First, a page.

For months, Breckinridge battled the Republican controlled government of the United States, pleading for a peaceful end to the developing conflict. In his eyes, the actions of the government and more specifically, President Abraham Lincoln, were unconstitutional and needed to be corrected. Breckinridge criticized the use of the U.S. Navy to establish blockades of southern ports and trade routes and the suspension of habeas corpus in the case of citizens placed under arrest and detained by military forces. Breckinridge furthered his argument in the Senate by bringing attention to the infringement upon citizens’ rights granted by the second amendment to bear arms based upon suspicion, and the fact that the majority of United States soil was under martial law.

Overt disregard of his attempts at peace by the U.S. Senate and persecution by Union forces would eventually cause Breckinridge to join the Confederate Army. On November 2, 1861, Breckinridge received a commission in the Confederate Army and assumed command of the 1st Kentucky Brigade. In 1862, Breckinridge was promoted to the rank of Major General and commanded troops at the battles of Stones River and Chickamauga before he assumed control of confederate forces in the Shenandoah Valley in 1864. On January 16, 1865, Confederate President Jefferson Davis appointed Breckinridge as his final Confederate Secretary of War. Breckinridge realized the costly toll the war had on the South and by late February of 1865 he concluded that the Confederate cause was hopeless.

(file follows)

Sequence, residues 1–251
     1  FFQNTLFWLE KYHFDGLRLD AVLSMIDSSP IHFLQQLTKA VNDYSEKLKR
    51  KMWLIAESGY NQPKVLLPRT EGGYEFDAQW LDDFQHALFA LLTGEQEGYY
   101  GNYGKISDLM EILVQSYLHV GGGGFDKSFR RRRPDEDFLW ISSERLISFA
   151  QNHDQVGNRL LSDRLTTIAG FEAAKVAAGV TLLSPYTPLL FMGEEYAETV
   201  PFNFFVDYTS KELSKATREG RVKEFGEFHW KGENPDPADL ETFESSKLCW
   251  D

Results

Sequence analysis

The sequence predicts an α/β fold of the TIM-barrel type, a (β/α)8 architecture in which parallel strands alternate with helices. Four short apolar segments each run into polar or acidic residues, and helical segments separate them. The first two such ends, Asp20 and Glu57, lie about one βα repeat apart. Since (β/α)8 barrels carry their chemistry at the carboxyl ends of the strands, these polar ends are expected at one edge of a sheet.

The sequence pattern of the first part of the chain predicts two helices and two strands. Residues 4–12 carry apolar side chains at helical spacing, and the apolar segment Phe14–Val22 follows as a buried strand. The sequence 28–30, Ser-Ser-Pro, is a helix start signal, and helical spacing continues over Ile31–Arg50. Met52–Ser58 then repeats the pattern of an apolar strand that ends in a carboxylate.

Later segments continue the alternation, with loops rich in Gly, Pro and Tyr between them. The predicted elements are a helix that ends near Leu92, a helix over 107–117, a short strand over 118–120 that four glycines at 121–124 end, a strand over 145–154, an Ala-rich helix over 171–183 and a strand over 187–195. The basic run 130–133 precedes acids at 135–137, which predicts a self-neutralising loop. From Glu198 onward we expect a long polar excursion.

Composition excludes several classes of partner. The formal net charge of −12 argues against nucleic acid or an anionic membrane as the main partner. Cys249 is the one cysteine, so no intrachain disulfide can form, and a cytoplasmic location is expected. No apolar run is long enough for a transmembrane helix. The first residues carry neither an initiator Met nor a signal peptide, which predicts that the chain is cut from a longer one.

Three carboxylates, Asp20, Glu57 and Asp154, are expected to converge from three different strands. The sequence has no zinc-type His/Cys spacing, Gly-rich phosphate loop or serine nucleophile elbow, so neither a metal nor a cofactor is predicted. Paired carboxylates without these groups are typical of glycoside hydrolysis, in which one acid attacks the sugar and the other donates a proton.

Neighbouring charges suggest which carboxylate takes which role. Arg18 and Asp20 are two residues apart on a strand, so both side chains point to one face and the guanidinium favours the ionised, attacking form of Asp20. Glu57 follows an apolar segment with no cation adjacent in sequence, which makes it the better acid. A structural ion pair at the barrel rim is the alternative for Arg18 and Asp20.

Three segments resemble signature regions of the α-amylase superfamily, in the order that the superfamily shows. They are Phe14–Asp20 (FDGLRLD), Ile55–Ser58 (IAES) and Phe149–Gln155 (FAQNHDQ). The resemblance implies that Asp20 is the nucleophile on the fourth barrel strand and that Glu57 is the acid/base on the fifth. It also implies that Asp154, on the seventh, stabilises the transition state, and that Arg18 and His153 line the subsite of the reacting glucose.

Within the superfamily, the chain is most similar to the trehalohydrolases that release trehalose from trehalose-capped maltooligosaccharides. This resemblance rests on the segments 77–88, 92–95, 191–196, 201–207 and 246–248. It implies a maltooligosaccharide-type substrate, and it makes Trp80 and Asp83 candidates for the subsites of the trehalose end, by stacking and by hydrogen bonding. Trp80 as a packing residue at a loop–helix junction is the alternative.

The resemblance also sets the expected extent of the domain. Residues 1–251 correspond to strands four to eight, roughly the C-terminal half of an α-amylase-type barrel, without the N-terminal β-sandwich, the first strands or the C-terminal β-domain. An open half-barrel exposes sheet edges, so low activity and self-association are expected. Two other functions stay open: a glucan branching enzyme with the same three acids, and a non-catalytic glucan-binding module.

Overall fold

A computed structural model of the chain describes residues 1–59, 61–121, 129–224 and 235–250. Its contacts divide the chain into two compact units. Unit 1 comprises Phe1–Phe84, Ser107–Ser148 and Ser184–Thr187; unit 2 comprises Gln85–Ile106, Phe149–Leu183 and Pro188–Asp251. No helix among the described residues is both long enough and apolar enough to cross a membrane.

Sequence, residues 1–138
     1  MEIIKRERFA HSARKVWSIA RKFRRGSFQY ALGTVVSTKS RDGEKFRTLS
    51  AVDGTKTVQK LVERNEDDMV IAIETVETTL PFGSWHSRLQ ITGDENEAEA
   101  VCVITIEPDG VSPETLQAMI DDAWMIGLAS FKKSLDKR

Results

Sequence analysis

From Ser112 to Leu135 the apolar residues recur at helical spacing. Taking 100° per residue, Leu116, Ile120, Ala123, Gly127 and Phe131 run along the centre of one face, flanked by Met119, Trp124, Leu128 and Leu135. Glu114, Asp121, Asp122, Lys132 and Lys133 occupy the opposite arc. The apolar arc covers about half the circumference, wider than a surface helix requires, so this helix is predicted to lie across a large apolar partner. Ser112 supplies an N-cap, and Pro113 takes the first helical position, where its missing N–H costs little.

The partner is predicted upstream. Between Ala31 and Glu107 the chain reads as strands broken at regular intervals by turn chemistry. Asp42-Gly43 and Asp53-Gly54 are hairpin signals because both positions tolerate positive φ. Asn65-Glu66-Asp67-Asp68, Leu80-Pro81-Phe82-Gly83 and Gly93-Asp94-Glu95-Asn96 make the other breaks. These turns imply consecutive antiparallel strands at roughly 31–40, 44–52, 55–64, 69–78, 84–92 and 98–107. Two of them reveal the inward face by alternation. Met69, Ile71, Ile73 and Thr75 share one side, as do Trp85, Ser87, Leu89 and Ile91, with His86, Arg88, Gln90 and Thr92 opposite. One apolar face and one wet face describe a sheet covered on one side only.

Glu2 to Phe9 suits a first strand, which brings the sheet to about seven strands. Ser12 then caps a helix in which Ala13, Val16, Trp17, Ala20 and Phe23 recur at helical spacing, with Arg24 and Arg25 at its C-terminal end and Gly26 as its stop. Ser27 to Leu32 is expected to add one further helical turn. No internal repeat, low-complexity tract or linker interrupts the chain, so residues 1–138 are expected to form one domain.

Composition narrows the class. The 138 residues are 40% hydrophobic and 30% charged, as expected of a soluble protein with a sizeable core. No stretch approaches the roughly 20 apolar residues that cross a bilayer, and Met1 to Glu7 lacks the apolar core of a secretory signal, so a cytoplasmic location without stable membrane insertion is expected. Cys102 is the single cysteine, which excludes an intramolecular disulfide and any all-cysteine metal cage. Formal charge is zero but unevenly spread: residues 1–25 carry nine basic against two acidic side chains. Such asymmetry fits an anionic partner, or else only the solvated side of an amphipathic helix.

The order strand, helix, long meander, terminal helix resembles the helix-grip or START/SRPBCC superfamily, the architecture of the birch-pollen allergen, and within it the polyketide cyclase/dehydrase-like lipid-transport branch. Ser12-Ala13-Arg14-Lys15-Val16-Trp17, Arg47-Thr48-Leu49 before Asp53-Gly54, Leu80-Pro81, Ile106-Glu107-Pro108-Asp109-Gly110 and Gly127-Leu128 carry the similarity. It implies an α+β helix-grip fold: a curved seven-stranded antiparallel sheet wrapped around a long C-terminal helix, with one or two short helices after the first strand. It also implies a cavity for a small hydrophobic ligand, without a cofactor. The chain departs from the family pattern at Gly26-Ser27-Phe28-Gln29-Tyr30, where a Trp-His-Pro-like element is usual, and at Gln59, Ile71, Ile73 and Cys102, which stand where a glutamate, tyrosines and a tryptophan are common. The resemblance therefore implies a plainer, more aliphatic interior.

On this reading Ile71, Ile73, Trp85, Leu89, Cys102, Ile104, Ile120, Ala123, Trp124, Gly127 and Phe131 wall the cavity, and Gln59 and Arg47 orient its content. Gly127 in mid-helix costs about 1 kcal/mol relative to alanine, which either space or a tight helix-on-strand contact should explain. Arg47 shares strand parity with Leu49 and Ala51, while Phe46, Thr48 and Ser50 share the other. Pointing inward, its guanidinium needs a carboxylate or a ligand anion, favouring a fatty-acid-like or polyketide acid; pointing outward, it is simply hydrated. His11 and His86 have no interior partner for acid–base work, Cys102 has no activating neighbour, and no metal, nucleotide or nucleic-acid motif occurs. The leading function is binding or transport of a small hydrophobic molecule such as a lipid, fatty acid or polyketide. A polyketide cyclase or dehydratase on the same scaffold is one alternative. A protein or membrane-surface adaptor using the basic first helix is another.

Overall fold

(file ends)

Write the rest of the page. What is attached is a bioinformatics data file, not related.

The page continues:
Knowing full well that the Confederates were going to lose the war, Breckinridge worked toward laying the groundwork for an appropriate surrender for the Confederacy. Fearing that the North would erase southern history, he collected the government and military archives of the confederacy in order to ensure that they were captured intact by the Union army. On April 9, 1865, General Robert E Lee surrendered the Army of Northern Virginia to Union General Ulysses S. Grant at the Appomattox Court House in Virginia. This was not the formal end of the Civil War, but it indeed signaled that the end of the war was near. Breckinridge would flee the United States and spend the next few years seeking political asylum in Cuba, various European countries, and Canada.